As the presidential race between Barack Obama and John McCain heats up, the incoming Class of 2012 is spending the final weeks of summer brushing up on the life stories of both men.
Half of the 587 students are reading Obama’s 1995 memoir, "Dreams From My Father," while the others are reading McCain’s book,"Faith of My Fathers," published in 2000. The books, selected by a group of students, faculty and administrators, were randomly assigned to the class as part of the first-year reading program.
The reading assignment is one of several events tied to the presidential campaign that is designed to introduce the new class to each other as well as the rest of the campus community. There will be online discussions of the two books, as well as conversations within the first year preceptorials.
Also, during orientation weekend, the Class of 2012 will get a chance to discuss the campaign with Joshua Micah Marshall, founder of the popular liberal blog, Talking Points Memo. Earlier this year, Marshall became the first blogger to win a prestigious George Polk Award. Judges for one of journalism’s top prizes honored Marshall for his site’s legal reporting on the politically motivated dismissals of United States attorneys, which prompted a closer examination by the traditional news media and ultimately led to the resignation of Attorney General Alberto Gonzales.
“It was clear to those selecting the summer reading that this particular year offered an unprecedented opportunity,” said Tom McEvoy, associate dean of students and director of Minerva Programs. “The presidential election is 'the story' of 2008. With all of our incoming class likely voting for the first time, and knowing this election would provide high drama, it seemed like a natural to select a reading that was relevant to the election.”
The books were recently mailed to students, accompanied by a letter from President Stephen C. Ainlay, who wrote that the campaign “will undoubtedly generate a great deal of conversation, dialogue and debate here on campus,” and that reading the books will “help you prepare for all this and the intellectual journey that is ahead.”
Ainlay also told students they could request a free copy of the book they weren’t assigned.
President Stephen C. Ainlay has announced the appointment of Stephen A. Dare of the Massachusetts Institute of Technology as vice president for college relations.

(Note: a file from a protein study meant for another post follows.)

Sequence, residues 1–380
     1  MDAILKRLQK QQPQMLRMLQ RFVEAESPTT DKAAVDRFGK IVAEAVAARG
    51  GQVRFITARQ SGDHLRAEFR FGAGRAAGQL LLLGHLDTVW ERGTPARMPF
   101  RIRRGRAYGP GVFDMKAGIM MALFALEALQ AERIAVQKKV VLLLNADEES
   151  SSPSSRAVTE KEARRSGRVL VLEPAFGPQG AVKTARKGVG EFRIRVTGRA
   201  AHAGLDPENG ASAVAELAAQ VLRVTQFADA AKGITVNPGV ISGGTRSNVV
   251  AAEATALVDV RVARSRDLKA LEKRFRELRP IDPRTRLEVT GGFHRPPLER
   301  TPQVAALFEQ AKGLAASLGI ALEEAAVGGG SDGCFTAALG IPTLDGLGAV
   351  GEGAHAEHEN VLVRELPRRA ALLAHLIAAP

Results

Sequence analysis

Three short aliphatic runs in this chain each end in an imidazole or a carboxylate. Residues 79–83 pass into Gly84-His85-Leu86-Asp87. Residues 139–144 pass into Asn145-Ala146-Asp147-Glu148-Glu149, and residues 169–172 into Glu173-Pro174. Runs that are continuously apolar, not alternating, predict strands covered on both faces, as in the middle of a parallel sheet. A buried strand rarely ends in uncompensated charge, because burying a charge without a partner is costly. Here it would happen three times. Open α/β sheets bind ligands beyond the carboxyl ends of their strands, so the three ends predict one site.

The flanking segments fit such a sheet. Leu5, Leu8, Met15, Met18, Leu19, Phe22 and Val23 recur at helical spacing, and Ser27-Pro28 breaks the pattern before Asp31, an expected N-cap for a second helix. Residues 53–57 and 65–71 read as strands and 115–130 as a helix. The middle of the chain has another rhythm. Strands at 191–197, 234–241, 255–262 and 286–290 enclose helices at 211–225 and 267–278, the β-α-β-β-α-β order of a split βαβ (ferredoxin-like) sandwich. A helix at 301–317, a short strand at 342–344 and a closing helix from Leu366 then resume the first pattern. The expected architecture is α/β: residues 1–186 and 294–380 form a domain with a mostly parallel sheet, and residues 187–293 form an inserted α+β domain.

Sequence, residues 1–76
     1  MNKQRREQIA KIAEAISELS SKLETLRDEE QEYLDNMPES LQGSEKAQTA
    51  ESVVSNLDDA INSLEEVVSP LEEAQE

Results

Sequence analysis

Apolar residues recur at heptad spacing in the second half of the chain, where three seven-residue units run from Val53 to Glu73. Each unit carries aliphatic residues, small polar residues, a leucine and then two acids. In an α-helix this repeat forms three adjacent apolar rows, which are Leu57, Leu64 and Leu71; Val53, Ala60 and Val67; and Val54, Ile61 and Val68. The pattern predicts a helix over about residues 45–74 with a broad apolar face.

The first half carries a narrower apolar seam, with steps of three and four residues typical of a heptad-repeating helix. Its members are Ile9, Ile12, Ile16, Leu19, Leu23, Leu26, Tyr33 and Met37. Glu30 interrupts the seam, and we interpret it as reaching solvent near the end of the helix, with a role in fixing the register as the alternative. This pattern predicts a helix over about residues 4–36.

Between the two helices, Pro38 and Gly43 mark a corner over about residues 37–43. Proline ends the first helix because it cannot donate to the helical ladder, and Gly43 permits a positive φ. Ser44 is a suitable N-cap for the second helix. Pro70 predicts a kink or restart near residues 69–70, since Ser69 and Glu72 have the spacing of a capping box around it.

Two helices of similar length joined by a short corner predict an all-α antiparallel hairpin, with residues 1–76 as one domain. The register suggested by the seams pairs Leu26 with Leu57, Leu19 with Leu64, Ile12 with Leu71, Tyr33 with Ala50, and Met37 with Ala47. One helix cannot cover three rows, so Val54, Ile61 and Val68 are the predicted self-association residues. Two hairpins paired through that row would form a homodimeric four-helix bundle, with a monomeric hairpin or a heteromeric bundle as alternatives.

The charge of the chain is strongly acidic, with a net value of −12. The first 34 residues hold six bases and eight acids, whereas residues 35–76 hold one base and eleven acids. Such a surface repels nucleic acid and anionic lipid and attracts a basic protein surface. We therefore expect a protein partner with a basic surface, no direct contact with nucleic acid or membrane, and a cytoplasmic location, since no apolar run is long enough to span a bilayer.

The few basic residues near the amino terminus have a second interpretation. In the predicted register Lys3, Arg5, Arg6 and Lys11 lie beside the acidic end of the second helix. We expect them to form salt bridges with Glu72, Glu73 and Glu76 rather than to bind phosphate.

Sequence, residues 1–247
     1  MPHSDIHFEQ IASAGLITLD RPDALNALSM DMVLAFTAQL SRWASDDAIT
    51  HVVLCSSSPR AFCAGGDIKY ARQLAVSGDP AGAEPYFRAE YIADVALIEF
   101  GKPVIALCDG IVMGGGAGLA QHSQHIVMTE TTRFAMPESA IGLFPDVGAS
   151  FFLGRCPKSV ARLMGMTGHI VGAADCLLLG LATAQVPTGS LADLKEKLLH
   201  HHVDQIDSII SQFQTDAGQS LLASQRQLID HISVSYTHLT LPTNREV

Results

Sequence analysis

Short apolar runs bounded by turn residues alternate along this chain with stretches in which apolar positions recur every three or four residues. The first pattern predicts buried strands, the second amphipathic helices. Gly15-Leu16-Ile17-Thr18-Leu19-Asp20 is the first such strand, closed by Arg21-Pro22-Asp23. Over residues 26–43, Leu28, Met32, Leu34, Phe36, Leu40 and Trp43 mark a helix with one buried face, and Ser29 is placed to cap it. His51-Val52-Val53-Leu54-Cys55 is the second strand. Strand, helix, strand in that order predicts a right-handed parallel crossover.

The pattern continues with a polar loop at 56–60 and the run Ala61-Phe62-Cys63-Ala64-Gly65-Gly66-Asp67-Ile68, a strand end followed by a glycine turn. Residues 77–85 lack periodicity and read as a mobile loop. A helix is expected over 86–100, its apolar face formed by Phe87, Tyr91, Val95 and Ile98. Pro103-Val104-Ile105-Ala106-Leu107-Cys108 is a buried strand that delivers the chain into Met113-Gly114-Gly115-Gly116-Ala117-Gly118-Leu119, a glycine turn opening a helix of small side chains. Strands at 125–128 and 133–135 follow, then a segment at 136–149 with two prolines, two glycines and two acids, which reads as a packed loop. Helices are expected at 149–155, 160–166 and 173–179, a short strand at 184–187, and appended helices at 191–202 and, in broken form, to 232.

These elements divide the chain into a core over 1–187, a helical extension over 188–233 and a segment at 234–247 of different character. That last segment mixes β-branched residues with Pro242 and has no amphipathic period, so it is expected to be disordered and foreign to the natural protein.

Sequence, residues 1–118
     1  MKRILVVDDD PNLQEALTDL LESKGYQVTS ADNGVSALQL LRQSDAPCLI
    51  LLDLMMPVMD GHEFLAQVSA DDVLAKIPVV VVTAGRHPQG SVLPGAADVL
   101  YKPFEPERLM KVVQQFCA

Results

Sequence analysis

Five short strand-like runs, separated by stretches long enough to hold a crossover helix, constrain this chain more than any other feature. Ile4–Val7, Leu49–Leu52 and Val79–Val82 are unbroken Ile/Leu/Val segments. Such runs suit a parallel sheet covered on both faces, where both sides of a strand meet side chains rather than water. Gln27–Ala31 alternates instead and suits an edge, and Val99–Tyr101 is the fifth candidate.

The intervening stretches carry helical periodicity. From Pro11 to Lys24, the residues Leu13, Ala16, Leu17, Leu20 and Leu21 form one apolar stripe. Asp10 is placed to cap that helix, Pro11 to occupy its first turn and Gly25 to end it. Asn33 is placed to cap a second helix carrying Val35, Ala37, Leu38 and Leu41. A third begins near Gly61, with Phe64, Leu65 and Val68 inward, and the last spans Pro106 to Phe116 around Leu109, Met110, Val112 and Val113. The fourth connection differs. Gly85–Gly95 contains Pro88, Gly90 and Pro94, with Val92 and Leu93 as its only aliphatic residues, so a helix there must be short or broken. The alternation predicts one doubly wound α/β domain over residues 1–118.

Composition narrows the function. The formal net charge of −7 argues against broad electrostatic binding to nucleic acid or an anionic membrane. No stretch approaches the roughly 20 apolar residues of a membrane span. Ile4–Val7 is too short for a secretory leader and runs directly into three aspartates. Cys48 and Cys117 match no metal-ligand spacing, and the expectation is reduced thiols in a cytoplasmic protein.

Dare succeeds Thomas C. Gutenberger, who left after nine years to become vice president for advancement at the University of Richmond, his alma mater.
At Union, Dare will be responsible for managing alumni relations, development, communications and community relations, along with foundation, corporate and government relations.
“I am thrilled and delighted to be a part of the Union community,” Dare said. “To be able to work with President Ainlay and the board, continuing to raise support for this historic institution, is an honor.”
Dare will also direct the College's $250 million “You are Union” fund-raising campaign.
“Tom and his staff deserve much credit for the success of the campaign thus far, and their professionalism was a significant reason why Union was such a great opportunity,” he said.
Dare has more than 26 years of fund-raising experience in higher education. He joined MIT in 1998 as director of resource development, overseeing the daily operations of the development organization and serving as campaign manager for MIT's recently completed $2 billion campaign. He also served as interim vice president for resource development. Since March 2007, Dare has been senior managing director of development and campaign strategies and was overseeing a $500 million campaign for students.
Prior to joining MIT, Dare was director of development for endowment and capital programs at Boston College and director of development and alumni relations at Johns Hopkins University’s Whiting School of Engineering and its School of Continuing Studies.
“We had an excellent pool of candidates for this critical position, and we are very fortunate to have someone of Steve’s caliber join our Union family,” said Ainlay. “His leadership, vision and wealth of experience in college relations will be instrumental as we work to implement the key components of our strategic plan.”